In Chicken Little, a March picture book from Roaring Brook’s Neal Porter imprint, Rebecca Emberley’s text puts a new spin on an old tale. The book’s art, which she created with her father Ed Emberley, likewise represents a mingling of old and new. As she has done in the past, Rebecca, creator of more than 30 children’s books, used cut-paper as the basis for the illustrations. She and her father then scanned the shapes into a computer and experimented with arranging and coloring them, which was a novel way of working for both Emberleys. Here’s how the project evolved.

Several years ago, Rebecca concluded that she was “burnt out” from both the collage style of book art she had been creating for 25 years and from long days of administrative work that running her company, Pebble in the Pond Press, had required for three years. “I hadn’t done any artwork for a while and was at a standstill in terms of where I wanted to go in my career,” she recalls. “And one day I got a call from my father, who said he was kind of bored and suggested we play around with something different. I told him I was only interested in doing artwork that makes me happy rather than having to think about setting up a 32-page book. At that point I didn’t want to think about books.”

“Yes, I was seriously bored,” says Ed, who had used 20 different illustration techniques, including woodcuts, pen and ink and computer, to create 100 earlier picture books. “I asked Rebecca if she would be willing to sit down for a couple of sessions to see if she could help me loosen up the way I was working on the computer. We had never worked together and we’re used to making our own decisions. We agreed to give it a try without preconceptions. I think we both knew after about 15 minutes that it was working.”

Three generations of Emberleys: Ed, Rebecca, and Rebecca’s daughter Adrian.

Years of paper-cutting has left Rebecca with a repetitive-use injury to her right hand, so when her father suggested experimenting with bird figures,she took brown paper and cut what she calls “loose, vague shapes, which didn’t bother my hand.” Ed then scanned the shapes into his computer and they started “playing around” with them.

“We have a very different approach,” she explains. “My father is much more linear thinking—he wants to have everything lined up and even—and I’m much looser. But this was even looser than what I’ve done in the past, and it set me free. I began to think that maybe this would be a book after all.”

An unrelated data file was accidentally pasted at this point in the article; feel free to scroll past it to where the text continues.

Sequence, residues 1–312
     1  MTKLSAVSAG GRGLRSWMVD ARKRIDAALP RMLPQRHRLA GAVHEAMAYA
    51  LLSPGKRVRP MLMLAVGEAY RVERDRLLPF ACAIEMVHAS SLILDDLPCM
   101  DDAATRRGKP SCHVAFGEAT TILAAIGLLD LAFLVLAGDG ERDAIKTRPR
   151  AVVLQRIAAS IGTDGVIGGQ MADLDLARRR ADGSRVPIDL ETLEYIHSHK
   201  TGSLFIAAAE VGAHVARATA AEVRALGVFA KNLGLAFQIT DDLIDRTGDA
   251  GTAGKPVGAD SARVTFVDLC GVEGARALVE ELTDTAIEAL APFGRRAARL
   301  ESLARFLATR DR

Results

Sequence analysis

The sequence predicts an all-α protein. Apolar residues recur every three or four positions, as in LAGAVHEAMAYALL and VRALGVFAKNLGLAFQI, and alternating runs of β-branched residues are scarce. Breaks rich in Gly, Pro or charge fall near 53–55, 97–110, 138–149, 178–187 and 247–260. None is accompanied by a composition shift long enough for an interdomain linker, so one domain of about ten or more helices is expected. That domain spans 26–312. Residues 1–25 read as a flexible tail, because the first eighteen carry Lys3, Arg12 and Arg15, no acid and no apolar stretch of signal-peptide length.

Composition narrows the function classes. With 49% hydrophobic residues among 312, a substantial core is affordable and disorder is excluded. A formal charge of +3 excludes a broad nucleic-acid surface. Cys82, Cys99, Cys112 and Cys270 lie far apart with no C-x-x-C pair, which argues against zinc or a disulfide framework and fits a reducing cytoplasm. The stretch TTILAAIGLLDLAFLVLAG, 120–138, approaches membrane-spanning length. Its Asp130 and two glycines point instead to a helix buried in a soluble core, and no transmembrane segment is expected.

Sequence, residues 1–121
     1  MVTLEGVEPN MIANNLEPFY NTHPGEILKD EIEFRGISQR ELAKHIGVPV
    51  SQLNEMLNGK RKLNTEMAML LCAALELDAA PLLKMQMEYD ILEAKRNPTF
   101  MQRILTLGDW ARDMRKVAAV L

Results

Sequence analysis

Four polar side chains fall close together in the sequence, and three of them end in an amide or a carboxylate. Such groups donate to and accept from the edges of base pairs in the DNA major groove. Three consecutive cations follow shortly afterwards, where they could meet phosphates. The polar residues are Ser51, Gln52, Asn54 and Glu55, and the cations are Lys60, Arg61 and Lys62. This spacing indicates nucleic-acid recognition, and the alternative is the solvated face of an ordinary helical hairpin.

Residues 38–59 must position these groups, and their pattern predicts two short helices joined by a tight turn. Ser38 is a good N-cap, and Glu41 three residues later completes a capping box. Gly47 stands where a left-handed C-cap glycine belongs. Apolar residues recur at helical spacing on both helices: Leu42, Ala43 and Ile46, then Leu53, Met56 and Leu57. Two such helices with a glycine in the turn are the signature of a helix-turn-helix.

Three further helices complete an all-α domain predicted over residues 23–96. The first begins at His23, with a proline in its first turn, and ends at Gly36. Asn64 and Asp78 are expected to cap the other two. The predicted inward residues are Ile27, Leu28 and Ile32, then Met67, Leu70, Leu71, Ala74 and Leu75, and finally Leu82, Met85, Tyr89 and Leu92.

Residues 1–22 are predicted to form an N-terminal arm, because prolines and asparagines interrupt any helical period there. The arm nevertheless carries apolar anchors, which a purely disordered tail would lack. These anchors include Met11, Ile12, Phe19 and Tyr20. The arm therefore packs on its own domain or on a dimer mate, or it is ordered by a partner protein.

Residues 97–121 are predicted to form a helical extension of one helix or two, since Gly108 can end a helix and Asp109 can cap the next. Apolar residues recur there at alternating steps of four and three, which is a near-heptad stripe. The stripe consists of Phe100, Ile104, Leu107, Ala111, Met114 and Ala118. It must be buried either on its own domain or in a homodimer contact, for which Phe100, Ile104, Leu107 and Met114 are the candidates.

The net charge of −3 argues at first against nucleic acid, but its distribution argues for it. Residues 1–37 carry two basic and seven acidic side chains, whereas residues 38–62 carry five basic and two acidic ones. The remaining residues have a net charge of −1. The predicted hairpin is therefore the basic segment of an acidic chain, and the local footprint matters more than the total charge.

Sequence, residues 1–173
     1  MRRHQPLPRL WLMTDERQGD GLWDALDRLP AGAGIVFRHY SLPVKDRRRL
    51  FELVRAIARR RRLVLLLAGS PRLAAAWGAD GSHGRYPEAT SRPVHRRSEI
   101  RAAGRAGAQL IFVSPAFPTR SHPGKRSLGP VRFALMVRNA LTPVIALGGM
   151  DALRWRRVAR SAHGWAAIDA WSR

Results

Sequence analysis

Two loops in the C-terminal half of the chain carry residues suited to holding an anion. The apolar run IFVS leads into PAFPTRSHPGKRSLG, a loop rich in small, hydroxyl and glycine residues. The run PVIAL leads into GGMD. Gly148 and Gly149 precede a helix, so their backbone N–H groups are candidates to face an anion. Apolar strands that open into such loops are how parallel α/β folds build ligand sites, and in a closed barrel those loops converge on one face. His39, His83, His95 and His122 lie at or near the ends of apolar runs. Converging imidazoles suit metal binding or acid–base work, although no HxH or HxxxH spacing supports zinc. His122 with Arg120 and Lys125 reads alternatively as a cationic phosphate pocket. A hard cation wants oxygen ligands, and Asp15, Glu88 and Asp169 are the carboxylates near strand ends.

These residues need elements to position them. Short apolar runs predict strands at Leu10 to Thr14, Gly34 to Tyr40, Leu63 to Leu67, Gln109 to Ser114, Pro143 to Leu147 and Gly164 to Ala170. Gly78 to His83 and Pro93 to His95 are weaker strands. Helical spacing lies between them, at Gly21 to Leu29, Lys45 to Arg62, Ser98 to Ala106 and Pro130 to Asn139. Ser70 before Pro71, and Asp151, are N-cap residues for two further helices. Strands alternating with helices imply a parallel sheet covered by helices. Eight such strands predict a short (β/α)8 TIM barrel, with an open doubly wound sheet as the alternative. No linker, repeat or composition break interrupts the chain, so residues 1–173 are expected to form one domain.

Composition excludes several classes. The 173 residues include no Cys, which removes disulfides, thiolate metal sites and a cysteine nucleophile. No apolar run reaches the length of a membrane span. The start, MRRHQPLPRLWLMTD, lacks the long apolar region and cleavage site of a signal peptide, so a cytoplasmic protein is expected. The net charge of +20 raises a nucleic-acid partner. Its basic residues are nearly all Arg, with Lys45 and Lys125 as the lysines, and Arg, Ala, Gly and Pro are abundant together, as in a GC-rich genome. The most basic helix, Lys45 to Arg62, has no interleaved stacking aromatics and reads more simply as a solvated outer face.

After completing Chicken Little, the Emberleys similarly collaborated on a re-imagining of another classic tale, The Red Hen. “Creating these books had been a joyful experience, and now it was time to try to sell them,” says Rebecca. Through a fortuitous dinner date in Manhattan, she found a publisher. She was dining with her brother, Michael Emberley, and his then-fiancée (now wife) Marie-Louise Fitzpatrick, both children’s authors and illustrators.

Also present was Fitzpatrick’s editor, Neal Porter, whom Rebecca had never met. “Some time before that, I had mentioned to a friend in publishing that I like the quality of the books published by Roaring Brook, who had told me Neal Porter was the person to contact there,” says Rebecca. “As I sat down at the restaurant that night, I literally froze halfway to my seat, suddenly realizing this was the same person.”

When Rebecca said she had been working on a new project, Porter asked to see it. The following day, he viewed the materials for Chicken Little and, he says, “I made a lightning-quick decision to publish it. I loved the illustration style and the wacky, sardonic tone of the text, and I relished the opportunity to work with Rebecca and Ed, both of whom I have admired for so long.”

A prototype for the Chicken Little plush doll, currently in development.

To promote Chicken Little, Roaring Brook has created a trailer video accessible on a dedicated Web site and on YouTube. A plush Chicken Little based on the book’s art is in development, as is an iPhone app tying into the book.

Roaring Brook has scheduled The Red Hen for fall 2010 release, and at least two more daughter-father Emberley collaborations in this same vein will follow: The Ant and the Grasshopper in fall 2011 and The Crocodile and the Scorpion in fall 2012.

The next Emberley generation gets into the act in a new song-inspired series that Orchard Books is launching this summer with There Was an Old Monster!, a twist on the song “There Was an Old Woman.” Rebecca’s 23-year-old musician daughter Adrian co-wrote the book, which features computer-scanned collage art by Rebecca and Ed.

“My collaboration with my father continues to be a big experiment as we go along,” says Rebecca, who seems to be enjoying the endeavor as much as her Dad. “It is Rebecca’s vision that fuels the process,” Ed adds, saying that, despite exhausting days, “we both get real pleasure from this work. It is not the kind of pleasure you get from sitting on the beach watching the sun set. It is more like the fierce pleasure you get from skiing or climbing mountains. The result is wild, wonderful books that are not in the least bit boring.”

Chicken Little by Rebecca Emberley and Ed Emberley. Roaring Brook/Porter, $16.95 ISBN 978-1-59643-464-6